40-hour famine to aid the poor

By Christina Gallagher

Charitable South Africans are giving up food and cellphones this weekend to raise funds for over

46 000 poverty-stricken children in the country.

The annual World Vision 40-hour Famine started on Friday night at 8pm and will continue until Sunday noon.

People across the globe have pledged to give up food or technology for the period and have asked others to sponsor their efforts.

Those participating in the campaign go without food for 40 hours, but are allowed to drink beverages. But if this is too difficult, people can alternatively give up using technology such as their computers and cellphones.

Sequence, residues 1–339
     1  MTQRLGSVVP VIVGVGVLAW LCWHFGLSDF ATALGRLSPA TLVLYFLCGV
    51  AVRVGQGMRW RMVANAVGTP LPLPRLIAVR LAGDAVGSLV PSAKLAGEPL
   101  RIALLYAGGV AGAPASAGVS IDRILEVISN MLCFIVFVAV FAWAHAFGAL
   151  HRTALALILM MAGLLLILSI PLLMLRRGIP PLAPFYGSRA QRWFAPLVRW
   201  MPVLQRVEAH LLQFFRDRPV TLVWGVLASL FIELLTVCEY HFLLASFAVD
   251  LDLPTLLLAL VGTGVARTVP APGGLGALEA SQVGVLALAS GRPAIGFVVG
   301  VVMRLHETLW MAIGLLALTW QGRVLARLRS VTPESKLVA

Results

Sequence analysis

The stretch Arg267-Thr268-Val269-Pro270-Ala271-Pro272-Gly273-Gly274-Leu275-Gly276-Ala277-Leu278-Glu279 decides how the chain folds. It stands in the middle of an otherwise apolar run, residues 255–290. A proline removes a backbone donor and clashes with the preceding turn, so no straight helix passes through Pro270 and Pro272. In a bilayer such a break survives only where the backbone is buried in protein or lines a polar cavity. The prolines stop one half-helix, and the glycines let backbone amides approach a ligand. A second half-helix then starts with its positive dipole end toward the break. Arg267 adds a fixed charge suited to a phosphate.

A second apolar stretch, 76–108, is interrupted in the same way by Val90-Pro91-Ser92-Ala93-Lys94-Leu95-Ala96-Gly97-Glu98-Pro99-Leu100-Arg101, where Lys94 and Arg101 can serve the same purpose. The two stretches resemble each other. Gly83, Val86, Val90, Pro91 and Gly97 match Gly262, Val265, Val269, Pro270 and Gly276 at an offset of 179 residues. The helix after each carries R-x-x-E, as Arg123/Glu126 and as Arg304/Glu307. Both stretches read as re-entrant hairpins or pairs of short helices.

Pop singer Danny K joined the cause for the first time this year and vowed to give up junk food for three days.

"I have five shows this weekend, so I won't be able to give up technology or food, but I am trying to do whatever I can," he said. "Not everyone can do the 40-hour fast and only drink water, but there are a few very special people out there who do."

Other celebrities who support the campaign include former Springbok Joel Stransky, Lee and Pabi Maloi from Y-FM, Slikour from Skwatta Kamp, HHP, Morafe and Desmond Tutu.

But it's not just celebrities who've pledged their support: for the first time this year, students from less privileged areas also registered to participate.

The 40-hour famine started in 1975 in response to the famine in Ethiopia. Locally, World Vision will use the money raised to support more than 46 000 children in South Africa currently benefiting from the organisation's feeding scheme.

A recent Children's Institute report found that as many as 10 million South African children were living under the poverty line.

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